Pixel Envy

Written by Nick Heer.

Debunking the Terrible, Horrible, No Good, Very Bad Joint Resolution

Look, nothing about the vote to eliminate privacy rules for ISPs is good. All it means is that 265 Republicans in Congress — and, likely, another one who lives in the White House — decided to side with their donors instead of voters.1

Unfortunately, some of the reactions to this decision have been particularly poor — unsurprising, given the marriage of a technical topic and a somewhat esoteric policy. Joy Reid, for instance, recommended that people start deleting their browser history — something which will have no effect on the ability for an ISP to sell ads against subscriber traffic.

Even worse, though, are two campaigns ostensibly crowdfunding for money to buy Congress’ internet traffic history. With over $100,000 in the pot between them, there’s a lot of money going to something that is an effective impossibility.

Nicole Kobie, the Outline:

Even if ISPs could narrow down a specific person’s data, there’s no good reason why they would — if you were Verizon or Comcast, would you hand over data on half of Congress to a crowdfunding campaign? “In addition… an ISP would have to agree to work with someone to sell them data (just like any other business agreement),” noted Brett Woollum, CEO and founder of another smaller ISP, Tekify. “Just because someone wants the data doesn’t mean they have a right to buy it from an ISP. Therefore, I would speculate that the campaign… and others similar to this, wouldn’t likely be very successful.”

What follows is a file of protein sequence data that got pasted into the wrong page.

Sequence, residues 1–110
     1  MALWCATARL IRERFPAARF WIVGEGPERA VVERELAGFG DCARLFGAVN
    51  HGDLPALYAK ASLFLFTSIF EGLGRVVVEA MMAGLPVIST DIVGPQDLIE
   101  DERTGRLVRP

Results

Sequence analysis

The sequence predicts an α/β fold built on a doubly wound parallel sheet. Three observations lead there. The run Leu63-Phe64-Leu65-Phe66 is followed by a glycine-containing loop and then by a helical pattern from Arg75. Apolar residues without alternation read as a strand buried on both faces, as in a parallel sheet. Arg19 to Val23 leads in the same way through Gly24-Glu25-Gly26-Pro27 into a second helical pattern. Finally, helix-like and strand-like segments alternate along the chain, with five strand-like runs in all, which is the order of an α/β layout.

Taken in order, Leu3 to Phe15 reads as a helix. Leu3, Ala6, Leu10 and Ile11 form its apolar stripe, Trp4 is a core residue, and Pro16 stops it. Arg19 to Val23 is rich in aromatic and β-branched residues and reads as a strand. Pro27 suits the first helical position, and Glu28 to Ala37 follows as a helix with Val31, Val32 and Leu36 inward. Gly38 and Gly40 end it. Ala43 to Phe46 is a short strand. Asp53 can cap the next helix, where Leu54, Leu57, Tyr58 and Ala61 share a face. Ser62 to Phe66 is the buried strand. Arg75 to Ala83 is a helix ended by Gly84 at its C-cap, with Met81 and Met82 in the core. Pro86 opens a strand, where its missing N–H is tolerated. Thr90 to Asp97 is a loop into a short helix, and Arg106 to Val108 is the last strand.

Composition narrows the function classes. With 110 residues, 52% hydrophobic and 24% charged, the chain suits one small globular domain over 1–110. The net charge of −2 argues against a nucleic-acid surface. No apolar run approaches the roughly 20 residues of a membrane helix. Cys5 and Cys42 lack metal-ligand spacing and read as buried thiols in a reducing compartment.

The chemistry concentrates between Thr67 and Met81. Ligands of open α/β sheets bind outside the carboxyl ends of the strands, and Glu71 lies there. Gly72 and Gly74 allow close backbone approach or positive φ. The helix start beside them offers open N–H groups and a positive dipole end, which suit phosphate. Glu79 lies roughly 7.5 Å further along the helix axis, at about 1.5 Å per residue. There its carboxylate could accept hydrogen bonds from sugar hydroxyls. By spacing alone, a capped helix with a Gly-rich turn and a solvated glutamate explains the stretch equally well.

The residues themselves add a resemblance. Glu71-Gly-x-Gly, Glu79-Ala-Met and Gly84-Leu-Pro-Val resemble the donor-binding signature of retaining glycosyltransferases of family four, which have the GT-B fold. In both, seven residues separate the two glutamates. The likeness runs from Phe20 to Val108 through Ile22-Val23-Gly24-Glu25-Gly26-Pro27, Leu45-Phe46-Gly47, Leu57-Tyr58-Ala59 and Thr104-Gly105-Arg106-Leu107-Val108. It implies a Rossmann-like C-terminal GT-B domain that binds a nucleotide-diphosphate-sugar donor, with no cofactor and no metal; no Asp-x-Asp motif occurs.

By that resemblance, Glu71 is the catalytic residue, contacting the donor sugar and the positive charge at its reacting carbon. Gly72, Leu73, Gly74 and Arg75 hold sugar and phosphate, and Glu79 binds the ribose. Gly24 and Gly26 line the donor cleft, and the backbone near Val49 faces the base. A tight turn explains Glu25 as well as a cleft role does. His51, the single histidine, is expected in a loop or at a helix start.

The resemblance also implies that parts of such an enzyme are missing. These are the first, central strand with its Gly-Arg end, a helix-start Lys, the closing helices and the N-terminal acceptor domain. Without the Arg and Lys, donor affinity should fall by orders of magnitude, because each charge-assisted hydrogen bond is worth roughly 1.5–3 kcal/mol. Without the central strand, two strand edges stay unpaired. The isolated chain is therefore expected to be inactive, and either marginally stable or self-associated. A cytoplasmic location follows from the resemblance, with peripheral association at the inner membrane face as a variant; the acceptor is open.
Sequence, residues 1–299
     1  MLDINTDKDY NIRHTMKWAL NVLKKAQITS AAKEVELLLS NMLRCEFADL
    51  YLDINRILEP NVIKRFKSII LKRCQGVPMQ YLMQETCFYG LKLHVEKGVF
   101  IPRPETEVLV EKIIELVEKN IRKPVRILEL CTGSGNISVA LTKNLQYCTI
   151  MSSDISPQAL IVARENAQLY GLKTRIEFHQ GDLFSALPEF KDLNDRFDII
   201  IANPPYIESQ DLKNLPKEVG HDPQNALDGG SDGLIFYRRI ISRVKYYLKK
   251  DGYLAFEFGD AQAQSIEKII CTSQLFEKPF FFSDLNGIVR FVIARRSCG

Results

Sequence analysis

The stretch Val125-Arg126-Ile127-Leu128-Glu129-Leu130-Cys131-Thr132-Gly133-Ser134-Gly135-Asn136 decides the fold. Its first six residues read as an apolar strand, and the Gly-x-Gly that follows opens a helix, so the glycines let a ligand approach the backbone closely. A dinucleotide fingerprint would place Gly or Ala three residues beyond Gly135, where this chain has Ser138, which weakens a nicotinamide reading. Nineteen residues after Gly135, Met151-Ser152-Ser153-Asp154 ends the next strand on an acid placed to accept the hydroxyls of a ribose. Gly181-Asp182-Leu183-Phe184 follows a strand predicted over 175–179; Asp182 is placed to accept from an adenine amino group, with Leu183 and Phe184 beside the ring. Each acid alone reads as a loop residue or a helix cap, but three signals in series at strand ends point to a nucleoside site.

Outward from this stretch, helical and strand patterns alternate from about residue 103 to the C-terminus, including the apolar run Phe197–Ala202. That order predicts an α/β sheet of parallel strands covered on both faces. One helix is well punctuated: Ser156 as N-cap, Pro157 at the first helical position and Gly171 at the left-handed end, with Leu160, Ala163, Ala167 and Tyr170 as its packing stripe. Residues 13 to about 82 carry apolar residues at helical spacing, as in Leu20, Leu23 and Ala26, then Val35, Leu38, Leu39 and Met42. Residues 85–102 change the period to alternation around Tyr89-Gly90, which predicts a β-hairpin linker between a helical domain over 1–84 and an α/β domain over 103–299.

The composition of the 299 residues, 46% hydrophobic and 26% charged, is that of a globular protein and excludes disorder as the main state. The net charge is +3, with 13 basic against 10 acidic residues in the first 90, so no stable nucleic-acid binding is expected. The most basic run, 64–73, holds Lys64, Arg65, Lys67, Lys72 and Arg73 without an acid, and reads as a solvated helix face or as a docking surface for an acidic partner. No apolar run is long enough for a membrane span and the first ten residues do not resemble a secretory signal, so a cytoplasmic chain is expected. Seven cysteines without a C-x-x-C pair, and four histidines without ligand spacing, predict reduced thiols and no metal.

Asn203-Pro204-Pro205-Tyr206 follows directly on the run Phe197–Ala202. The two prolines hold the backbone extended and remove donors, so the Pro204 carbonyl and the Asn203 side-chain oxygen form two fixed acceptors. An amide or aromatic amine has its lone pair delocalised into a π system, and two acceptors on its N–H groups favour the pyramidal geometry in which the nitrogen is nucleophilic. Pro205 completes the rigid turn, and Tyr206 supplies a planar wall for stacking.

Given enough information in advance, there are certainly ways to target advertising in ways both hilarious and creepy. Brian Swichkow targeted Facebook ads at just his roommate, while Andy Baio experimented with hyper-targeting promotional tweets for fun:

But the fun comes with their Keyword Recommendations Tool, which taps the zeitgeist of the Twitter community to recommend “additional keywords we believe could be relevant to your audience.”

These matches can be, oh, a bit quirky. For example, on Twitter, if you enter in “idiot,” it recommends “asshole” and “deals.”

“Losers” suggests “Twilight.”

But there’s no way to get the data that informs these recommendations — in Twitter’s case, a users’ search history, site usage, and what their follower/following network looks like.

One day soon, American ISPs will probably have their own advertising tools, and it will likely be possible to target users with frightening accuracy. But it’s extremely unlikely that an ISP — for all of their faults — will release the raw browsing history for a particular subscriber, or even a group of subscribers, without some kind of pseudonymization or a subpoena.


  1. You have fifteen minutes to stand on a crowded city street and find one person who would like to have advertising sold against their browsing history. Go for it. I’ll wait. ↩︎